Ten risky World Cup selections
The 23-man squads are announced. Barring accidents, these will be the players who represent their countries in Brazil. However, each of the 32 sides will contain a player or two whose inclusion raises an eyebrow. Here, ESPN FC selects 10 risky choices.
Erik Durm, DF, Germany
After just one season as a Bundesliga player, Durm has made an exceptionally late surge to replace Borussia Dortmund colleague Marcel Schmelzer for both club and country at left-back; he is also capable of playing as a left-winger, too. So late, in fact, was this surge that his full international debut came in Sunday night's 2-2 draw with Cameroon in his club's own stadium. After a solid performance there is now a high possibility that Durm, the youngest member of Jogi Loew's squad, may even start the tournament. Schmelzer was cut from the squad on Monday and the choice of left-back remains wide open.
Antoine Griezmann, FW, France
Griezmann's selection for France was not much of a surprise, but Didier Deschamps has turned to a player who has never kicked a ball in French league football and only made his debut for Les Bleus in March. His contribution from the left wing to Real Sociedad's adventures in reaching the Champions League brought him to prominence. Though he was actually banned from representing any French national team for 12 months until Dec. 31, 2013, after a curfew-breaking night out with U21 colleagues, he is now free to take his chance in Brazil. Scored his first senior international goal on Sunday against Paraguay.
Memphis Depay, FW, Netherlands
Louis van Gaal's belief in youth is one of the main reasons for Manchester United placing faith in him. However, his Dutch squad relies considerably on veterans like Robin van Persie, Klaas-Jan Huntelaar, Wesley Sneijder and Dirk Kuyt reproducing peak form that may well lie in the past. Depay, PSV Eindhoven's winger, who has been heavily linked with joining Van Gaal at Old Trafford, can provide a youthful antidote after an excellent season for his club.
Luke Shaw, DF, England
Roy Hodgson made sure that the selection of his final 23 was not going to send shock waves. The selection of Southampton's teenager was the wild card, though, especially when Ashley Cole preceded the announcement by letting it be known that he would not be going to Brazil. That Leighton Baines pulled up with a slight calf problem against Peru introduced the idea that Shaw may yet start for England in Manaus against Italy. For someone as risk-averse as Hodgson, and despite Shaw's talent, it now looks something of a gamble.
Will they be ready?
Kolo Toure, DF, Ivory Coast
When news escaped that Toure has succumbed to malaria again after making a trip to his country's capital, Abidjan -- he suffered a bout in 2008 -- it seemed likely that he would miss out on his country's third World Cup in succession. However, he remains in Sabri Lamouchi's squad, perhaps by dint of his experience and influence on the squad. As the summer's transfer speculation has proved, brother Yaya likes to have friendly faces around him.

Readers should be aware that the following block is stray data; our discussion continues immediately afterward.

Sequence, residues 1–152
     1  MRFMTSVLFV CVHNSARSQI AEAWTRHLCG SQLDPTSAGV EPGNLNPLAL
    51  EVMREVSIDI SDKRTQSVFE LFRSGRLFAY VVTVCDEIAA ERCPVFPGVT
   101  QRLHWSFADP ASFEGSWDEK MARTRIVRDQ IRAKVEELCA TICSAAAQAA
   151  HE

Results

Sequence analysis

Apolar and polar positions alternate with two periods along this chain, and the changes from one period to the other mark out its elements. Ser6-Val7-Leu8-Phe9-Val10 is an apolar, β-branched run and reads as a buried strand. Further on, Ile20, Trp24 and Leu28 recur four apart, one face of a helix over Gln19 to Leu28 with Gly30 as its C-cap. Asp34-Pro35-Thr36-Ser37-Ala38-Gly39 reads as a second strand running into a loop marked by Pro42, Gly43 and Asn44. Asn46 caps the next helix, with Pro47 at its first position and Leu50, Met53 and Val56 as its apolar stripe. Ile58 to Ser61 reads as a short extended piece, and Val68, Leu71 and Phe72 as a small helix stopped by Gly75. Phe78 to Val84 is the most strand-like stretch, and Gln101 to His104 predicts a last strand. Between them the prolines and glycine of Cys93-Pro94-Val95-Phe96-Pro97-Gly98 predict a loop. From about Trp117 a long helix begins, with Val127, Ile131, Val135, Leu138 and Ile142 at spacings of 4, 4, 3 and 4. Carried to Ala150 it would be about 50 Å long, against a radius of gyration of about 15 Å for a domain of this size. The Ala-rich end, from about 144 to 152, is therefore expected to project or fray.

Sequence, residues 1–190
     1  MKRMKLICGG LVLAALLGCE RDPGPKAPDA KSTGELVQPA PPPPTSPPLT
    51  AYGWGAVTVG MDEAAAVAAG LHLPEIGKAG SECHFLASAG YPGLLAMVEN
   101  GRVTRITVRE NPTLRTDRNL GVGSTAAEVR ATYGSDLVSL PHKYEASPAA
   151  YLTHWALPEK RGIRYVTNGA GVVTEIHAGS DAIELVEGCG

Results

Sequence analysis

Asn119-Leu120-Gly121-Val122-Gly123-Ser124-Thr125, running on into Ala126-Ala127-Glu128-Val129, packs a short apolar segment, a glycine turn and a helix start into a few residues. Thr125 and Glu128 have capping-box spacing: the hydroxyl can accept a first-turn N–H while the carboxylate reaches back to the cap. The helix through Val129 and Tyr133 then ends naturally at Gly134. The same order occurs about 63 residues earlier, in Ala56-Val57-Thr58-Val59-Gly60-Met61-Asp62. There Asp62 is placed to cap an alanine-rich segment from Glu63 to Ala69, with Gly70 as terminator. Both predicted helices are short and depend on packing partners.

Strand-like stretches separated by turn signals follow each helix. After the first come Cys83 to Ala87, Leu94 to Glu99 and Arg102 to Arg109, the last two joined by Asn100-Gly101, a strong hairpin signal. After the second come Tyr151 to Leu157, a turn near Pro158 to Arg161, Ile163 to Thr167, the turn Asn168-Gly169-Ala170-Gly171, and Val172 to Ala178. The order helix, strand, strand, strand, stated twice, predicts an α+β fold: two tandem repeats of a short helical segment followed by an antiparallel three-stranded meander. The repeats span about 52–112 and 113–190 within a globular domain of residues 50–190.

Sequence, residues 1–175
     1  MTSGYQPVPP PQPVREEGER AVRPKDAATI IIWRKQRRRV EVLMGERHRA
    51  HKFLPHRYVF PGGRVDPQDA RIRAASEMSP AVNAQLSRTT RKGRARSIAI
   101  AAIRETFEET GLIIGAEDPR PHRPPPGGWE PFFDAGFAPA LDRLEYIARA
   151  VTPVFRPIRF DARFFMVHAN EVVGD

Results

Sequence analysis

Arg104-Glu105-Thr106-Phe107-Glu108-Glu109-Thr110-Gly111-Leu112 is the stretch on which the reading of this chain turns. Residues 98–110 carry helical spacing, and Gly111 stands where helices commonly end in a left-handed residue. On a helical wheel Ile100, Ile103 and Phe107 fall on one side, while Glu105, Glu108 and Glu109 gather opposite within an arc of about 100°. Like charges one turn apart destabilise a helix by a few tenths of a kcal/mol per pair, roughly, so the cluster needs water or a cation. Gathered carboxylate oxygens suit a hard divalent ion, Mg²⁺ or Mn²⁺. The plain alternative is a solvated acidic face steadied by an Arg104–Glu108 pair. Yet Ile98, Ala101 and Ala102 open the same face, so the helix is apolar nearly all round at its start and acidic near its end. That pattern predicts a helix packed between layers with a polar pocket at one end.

Arturo Vidal, MF, Chile
It is not just the Uruguayans who have been agonising over a knee meniscus problem to their star player. Vidal, without doubt Chile's kingpin, had an operation two weeks ago on his right knee, at least placing him ahead of Luis Suarez's current rehab schedule. He takes his place in Jorge Sampaoli's squad despite possibly mixed feelings from club Juventus. If he stars this summer, then Juve could sell him for more money. On the other hand, a relapse may prevent business being done.
Roman Shirokov (Russia)
After his nightmare time with England in 2010's World Cup, Fabio Capello might have learned not to take unnecessary risks with injured players. In South Africa, Ledley King broke down and Gareth Barry was clearly unfit, but Shirokov will go to Brazil with Russia's squad despite a nagging Achilles problem that has prevented him playing since April 26. Capello clearly believes he cannot do without his captain.
Nobody else available?
Antonio Cassano, FW, Italy
Cassano is Italian football's perpetual comeback kid. He is the beneficiary of Giuseppe Rossi's failure to prove his fitness and sharpness to Cesare Prandelli after the Fiorentina striker's latest knee injury. Instead, the Italian coach selected a forward who performed well for him at Euro 2012, notably in tandem with Mario Balotelli. Cassano's move to Parma has regenerated him; also, his continuing problems with his waistline have been countered by giving up his favourite type of Italian bread.
Fernando Torres, FW, Spain
It is clear that Vicente del Bosque does not share the same view of Torres as Jose Mourinho or, say, many of Chelsea's supporters. The striker's ability to hold up the ball has been trusted ahead of that of Alvaro Negredo, whose fade at Manchester City cost him dearly. Diego Costa's hamstring problem may mean that Torres starts, unless del Bosque goes with a "false nine." And that's despite a truly horrendous miss of an open goal against Bolivia on Friday night.
Jo, FW, Brazil
Premier League observers find it difficult to consider that the lanky striker who looked so lost at Manchester City and Everton is now a mainstay of Luiz Felipe Scolari's squad. Scolari hardly rang the surprises with his selections but Jo, despite being a striker who won the Copa Libertadores in 2013 with Atletico Mineiro, probably points to a severe lack of options in his position if Fred fails to fire.